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Jason
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At 100kW this is giving me deja vu of the Cadillac ELR except it's slower and has a significantly smaller fueling infrastructure to support it. What's also concerning is based on the FC system cost chart it seems like there won't be much additional cost reduction in the future (hopefully it's just a marketing error).
@HarveryD Since China is now the largest automotive market and the Chinese government wants to be increasingly involved in these new technologies, I doubt any global company would refuse this request. Plus as you mentioned, with the relatively cheap labor in China it would make sense to export to most countries. http://online.wsj.com/article/SB40001424052748704394704575495480368918268.html
Man you guys comment on these articles for a while! @Engineer-Poet "The EV-1 used twin induction motors, no rare-earths involved." The EV-1 might have been rare-earth metal free, but I'm pretty sure the Volt is not. "Replacing $3/gallon gasoline with $0.75/gallon-equivalent electricity will give us enough savings to fix the grid." How are you going to get that difference out of the consumer? Right now the lower operating cost is one of the main driving factors (really the only benefit in most American's minds) of electric cars. If a tax is implemented to help fix the grid that fuel/electricity difference will be reduced. Also, energy producers use the off peak hours for maintenance, upgrades, etc. Flattening out the electricity demand is not as simple as just moving the daytime peak to the nighttime, several other factors have to be considered.
@ Engineer-Poet I'm confused at what you are arguing. If you are concerned with our reliance on foreign oil, then electric vehicles only worsen our dependence. Right now China produces around 97% of the total rare earth metals with the remaining coming from some countries in the Middle East and South America. Even if petroleum is substituted with coal and natural gas, they will still produce harmful emissions. How does "the future Smart Grid work well with PEVs and make room for wind and nuclear"? The last I checked, the United States transmission infrastructure was in dire need of repairs let alone upgrades. To give you an example the transmission infrastructure in the US is twice as inefficient as it was in the 1970's. How are we going to pay to install miles and miles of new transmission lines to utilize wind turbines if we can't keep what we have now in decent shape?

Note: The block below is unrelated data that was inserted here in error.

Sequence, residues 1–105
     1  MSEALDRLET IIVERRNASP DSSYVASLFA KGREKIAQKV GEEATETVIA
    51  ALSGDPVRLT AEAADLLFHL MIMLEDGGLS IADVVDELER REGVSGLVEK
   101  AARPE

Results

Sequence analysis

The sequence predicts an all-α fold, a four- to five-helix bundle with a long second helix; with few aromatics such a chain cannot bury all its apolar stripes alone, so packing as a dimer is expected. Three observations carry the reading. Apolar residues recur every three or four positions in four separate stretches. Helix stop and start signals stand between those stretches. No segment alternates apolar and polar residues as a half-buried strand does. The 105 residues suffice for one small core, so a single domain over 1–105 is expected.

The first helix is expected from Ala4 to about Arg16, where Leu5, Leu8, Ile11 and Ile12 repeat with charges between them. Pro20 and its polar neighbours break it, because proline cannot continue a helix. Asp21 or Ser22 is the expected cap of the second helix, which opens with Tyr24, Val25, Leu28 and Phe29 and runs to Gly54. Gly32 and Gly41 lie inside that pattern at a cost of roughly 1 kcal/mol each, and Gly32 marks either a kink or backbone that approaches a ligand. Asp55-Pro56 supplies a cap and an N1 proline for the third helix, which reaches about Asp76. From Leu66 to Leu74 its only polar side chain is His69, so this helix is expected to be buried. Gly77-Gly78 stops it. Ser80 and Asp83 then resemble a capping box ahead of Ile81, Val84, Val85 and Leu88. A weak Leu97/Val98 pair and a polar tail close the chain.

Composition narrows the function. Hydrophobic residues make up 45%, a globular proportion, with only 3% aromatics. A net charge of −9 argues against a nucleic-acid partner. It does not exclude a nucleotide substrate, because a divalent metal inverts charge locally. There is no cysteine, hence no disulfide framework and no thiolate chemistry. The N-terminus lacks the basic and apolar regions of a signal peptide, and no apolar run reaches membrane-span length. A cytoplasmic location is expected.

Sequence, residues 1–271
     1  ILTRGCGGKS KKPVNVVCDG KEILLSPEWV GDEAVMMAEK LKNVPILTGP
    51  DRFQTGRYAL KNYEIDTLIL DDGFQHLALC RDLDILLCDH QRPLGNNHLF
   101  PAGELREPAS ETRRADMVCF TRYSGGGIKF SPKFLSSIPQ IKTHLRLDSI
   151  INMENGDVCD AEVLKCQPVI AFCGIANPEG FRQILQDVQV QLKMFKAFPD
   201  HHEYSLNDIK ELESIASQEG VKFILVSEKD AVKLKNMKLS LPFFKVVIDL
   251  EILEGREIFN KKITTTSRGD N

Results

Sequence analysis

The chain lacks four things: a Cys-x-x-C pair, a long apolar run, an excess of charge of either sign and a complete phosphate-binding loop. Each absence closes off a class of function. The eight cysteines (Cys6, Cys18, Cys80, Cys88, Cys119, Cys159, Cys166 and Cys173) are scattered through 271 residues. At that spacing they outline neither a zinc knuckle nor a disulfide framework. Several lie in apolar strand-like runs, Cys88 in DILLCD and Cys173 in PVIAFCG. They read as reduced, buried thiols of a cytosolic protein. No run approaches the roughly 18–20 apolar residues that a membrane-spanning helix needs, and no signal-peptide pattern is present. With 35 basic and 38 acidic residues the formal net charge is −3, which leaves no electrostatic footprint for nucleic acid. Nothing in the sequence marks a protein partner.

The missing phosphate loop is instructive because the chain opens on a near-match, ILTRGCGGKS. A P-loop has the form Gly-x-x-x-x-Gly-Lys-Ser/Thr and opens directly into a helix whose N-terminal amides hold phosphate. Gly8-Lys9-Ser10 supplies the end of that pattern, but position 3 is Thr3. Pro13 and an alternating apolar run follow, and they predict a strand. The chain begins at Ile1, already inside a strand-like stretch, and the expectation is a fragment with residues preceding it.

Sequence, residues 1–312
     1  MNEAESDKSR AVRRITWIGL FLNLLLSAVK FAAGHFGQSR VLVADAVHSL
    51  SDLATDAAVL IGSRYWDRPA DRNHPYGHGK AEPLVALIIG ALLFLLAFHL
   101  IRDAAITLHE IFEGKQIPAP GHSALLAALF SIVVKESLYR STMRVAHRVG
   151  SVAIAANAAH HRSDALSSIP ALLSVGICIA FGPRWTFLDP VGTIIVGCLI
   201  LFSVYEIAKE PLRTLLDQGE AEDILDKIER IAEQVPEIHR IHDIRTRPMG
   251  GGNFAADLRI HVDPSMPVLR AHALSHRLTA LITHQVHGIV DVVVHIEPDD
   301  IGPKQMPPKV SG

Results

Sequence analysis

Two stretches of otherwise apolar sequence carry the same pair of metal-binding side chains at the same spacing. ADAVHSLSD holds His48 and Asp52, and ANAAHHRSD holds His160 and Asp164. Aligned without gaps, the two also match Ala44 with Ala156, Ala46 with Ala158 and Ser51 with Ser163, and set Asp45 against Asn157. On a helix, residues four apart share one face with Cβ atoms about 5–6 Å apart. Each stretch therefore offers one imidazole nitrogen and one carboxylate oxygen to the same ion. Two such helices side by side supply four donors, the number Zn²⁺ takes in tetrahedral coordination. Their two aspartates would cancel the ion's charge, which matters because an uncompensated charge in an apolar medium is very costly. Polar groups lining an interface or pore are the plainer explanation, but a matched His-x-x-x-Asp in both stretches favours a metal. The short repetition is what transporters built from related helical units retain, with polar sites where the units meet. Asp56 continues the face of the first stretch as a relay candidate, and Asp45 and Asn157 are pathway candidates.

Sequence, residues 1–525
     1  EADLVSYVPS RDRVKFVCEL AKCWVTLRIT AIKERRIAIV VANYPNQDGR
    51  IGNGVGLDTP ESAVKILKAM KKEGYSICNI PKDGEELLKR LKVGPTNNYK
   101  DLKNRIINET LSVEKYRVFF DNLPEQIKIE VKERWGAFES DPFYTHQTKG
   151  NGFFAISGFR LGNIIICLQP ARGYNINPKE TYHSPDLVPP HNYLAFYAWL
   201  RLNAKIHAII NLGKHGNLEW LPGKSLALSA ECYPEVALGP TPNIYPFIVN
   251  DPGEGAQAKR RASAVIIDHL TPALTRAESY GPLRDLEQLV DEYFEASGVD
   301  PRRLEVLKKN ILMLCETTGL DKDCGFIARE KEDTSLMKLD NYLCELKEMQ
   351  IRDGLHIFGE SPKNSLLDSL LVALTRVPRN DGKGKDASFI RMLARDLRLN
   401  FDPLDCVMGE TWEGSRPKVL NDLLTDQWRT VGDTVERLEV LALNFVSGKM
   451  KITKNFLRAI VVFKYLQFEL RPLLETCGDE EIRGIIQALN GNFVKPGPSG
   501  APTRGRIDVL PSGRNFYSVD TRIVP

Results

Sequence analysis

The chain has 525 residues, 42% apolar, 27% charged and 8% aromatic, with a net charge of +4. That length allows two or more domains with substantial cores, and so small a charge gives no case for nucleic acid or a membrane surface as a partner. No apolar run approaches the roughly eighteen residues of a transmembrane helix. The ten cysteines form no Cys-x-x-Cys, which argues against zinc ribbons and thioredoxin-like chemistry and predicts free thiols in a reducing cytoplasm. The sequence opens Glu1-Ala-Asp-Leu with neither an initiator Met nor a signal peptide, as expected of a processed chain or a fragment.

@ Henrik Both the Prius and Volt are great engineering feats and I hope the Volt is very successful upon launch. However your statement, that the Volt is four times better than the Prius, is blatantly incorrect. That is like comparing apples and oranges. Using mile per gallon statistics for plug in vehicles is just a play on numbers. A more universal and accurate statistic should be used, such as energy consumed per mile (kWh/mile). Looking purely at the fuel economy of each vehicle, once the initial charge has run out, will show that the Prius gets 50mpg and the Volt gets around 33 mpg. Even a simple calculation to determine the annual gas consumed is not straightforward. The average annual vehicle mileage driven in the United States is a little over 12,000 miles. However, newer vehicles are driven much further annually than older vehicles. Disregarding these statistics, Volt drivers could be much more conservative driving to only accumulate all electric miles or they could completely ignore the fact. Furthermore, charging a vehicle from electricity in the grid in the United States is far from green. With a loose classification on what is considered a renewable energy source, very few states or metropolitan areas currently have above a 10% energy consumption rate from renewable sources. And this is not going to change significantly anytime soon! Meaning that the vast majority of energy used to charge any plug in or electric vehicle is from fossil fuels that produce harmful emissions. This idea that electric vehicles are “green” is only true if the majority of our energy generation is from renewable or clean energy sources and we utilize an efficient electricity infrastructure to distribute it. The Volt is a step in the right direction, but there are still several more steps that need to be taken. http://www.eia.gov/emeu/states/hf.jsp?incfile=sep_sum/plain_html/sum_btu_1.html http://www.fueleconomy.gov/feg/noframes/26425.shtml http://www.project.org/info.php?recordID=146 http://www.eia.doe.gov/emeu/rtecs/chapter3.html http://www.autoblog.com/2010/10/20/2011-chevrolet-volt-first-drive-review/#continued
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Oct 20, 2010